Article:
Rumours of IPv4 address-exhaustion have been regularly announced for the past few years, and despite some uncertainty it seems clear that in the future more users will be accessing the internet via IPv6.
Brightbox cloud servers support native IPv6 connectivity, and can be directly accessed via IPv6 before an IPv4 Cloud IP is mapped to them (subject to your defined firewall policies, of course). Over the past few years many large sites such as Facebook and Google, have enabled IPv6 access, but the majority of home users cannot access them because their network-providers don’t offer IPv6 connectivity as standard.
One of the most common ways of gaining IPv6 access is via 6to4. This works beautifully if you have a static IPv4 address, and the documentation is reasonably simple to understand. But this solution is more complex than it needs to be, it should be possible to easily gain access to the IPv6 internet and that’s what the miredo software allows.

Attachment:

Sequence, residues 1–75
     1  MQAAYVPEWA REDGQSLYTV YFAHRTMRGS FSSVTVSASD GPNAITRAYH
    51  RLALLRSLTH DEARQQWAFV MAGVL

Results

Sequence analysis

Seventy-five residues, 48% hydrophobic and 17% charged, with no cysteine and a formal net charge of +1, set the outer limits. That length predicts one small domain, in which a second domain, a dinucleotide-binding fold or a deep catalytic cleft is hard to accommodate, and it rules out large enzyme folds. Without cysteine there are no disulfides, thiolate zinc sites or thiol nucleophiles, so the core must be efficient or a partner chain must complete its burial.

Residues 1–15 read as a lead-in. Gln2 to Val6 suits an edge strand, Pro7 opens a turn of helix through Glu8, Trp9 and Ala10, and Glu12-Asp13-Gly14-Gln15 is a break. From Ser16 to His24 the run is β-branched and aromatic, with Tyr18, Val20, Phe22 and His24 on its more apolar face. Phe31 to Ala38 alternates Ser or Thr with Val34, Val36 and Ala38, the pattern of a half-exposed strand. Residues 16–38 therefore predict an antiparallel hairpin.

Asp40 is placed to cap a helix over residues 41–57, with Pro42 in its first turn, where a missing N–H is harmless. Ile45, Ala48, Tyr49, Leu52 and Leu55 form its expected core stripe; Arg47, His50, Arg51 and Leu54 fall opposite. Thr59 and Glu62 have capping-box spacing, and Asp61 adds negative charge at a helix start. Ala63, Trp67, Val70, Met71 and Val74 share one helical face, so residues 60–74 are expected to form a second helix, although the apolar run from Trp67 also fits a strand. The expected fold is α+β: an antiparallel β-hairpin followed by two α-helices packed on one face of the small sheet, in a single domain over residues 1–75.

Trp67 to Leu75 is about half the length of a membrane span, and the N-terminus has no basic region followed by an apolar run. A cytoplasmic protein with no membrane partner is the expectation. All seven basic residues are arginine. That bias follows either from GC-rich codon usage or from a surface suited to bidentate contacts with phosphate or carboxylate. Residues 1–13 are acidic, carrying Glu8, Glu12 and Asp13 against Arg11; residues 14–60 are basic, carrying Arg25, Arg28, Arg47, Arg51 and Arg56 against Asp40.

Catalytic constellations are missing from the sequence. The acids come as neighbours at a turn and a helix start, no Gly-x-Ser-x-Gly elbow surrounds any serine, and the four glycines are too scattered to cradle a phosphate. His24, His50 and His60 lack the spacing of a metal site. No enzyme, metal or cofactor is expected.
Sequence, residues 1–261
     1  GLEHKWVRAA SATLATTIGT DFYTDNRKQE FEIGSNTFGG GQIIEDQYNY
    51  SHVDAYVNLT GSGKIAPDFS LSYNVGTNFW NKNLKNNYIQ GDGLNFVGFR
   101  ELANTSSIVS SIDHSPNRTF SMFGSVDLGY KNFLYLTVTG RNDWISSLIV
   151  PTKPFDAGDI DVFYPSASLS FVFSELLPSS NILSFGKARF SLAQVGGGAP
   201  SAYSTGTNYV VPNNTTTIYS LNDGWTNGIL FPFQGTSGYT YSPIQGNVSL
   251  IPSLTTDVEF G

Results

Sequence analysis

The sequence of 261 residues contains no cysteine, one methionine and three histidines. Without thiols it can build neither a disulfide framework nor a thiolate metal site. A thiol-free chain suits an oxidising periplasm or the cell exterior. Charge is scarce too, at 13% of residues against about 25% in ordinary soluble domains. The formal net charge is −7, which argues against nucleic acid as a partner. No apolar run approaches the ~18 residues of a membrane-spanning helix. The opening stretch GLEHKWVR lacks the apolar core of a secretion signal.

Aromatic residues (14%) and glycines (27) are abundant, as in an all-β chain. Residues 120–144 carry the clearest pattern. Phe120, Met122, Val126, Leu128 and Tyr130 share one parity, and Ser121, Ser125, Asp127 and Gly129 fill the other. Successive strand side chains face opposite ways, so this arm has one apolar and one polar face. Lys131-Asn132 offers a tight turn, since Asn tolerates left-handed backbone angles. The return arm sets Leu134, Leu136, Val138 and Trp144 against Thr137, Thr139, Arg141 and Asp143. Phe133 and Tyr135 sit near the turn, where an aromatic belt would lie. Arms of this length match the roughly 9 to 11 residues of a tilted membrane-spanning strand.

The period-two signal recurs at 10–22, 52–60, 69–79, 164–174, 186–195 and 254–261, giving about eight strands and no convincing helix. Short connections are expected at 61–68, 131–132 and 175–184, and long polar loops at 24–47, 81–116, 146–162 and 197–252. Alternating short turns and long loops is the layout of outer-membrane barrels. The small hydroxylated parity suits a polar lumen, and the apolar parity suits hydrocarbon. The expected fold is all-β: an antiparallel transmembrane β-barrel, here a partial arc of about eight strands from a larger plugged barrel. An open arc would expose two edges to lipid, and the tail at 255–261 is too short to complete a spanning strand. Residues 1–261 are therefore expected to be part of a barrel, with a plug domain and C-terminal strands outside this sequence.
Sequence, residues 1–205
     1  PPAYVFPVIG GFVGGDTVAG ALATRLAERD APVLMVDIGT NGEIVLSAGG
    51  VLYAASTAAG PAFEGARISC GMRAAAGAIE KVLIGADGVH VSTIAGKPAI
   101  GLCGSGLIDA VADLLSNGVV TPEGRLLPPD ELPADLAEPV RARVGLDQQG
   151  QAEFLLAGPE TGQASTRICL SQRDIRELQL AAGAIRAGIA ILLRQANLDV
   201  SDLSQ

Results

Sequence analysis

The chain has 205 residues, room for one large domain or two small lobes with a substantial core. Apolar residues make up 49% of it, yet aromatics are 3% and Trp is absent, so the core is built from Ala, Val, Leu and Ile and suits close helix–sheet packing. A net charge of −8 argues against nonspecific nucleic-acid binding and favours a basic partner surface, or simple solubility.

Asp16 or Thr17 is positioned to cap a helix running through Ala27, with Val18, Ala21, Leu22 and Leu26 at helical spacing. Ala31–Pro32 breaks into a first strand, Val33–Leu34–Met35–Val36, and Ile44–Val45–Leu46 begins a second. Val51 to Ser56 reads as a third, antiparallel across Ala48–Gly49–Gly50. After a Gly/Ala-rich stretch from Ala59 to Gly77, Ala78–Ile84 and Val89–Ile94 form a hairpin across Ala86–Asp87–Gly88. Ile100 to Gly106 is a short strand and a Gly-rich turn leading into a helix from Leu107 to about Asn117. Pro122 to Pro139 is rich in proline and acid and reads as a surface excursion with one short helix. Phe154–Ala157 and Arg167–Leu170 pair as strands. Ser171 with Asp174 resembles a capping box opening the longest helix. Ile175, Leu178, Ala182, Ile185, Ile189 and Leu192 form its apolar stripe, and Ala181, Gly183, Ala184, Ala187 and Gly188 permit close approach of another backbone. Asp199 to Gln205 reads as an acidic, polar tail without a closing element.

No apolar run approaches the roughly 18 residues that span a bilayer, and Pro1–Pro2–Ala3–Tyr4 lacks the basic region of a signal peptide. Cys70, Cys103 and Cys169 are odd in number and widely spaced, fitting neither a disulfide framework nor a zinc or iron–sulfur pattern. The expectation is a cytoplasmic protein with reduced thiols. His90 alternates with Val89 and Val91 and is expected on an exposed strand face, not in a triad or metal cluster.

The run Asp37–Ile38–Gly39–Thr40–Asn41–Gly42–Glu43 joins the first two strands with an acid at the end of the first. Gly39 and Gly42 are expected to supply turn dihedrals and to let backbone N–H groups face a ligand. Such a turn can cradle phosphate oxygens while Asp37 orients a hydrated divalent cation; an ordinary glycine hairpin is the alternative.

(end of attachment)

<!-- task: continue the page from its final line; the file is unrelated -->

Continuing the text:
miredo implements the proposed standard described in RFC 4380, which allows your system to obtain an IPv6 address in a simple fashion, and then access the IPv6-internet with it.
If you’re running a Debian/Ubuntu desktop getting started is as simple as :
# apt-get install miredo
Once you’ve done that wait a few seconds and you should find that you’ll have a new tap device:
# /sbin/ifconfig br0 Link encap:Ethernet HWaddr 00:1c:25:36:5f:f2 ... ... teredo Link encap:UNSPEC HWaddr 00-00-00-00-00-00-00-00-00-00-00-00-00-00-00-00 ...
Here you can see the
teredo-device, and it looks like it is up. To actually test connectivity you can now open your favourite web-browser and pointing it at an IPv6 only address such as http://ipv6.google.com/.
Further IPv6 test-details are available at http://test-ipv6.com/.
Last updated: 26 May 2018 at 10:51 UTC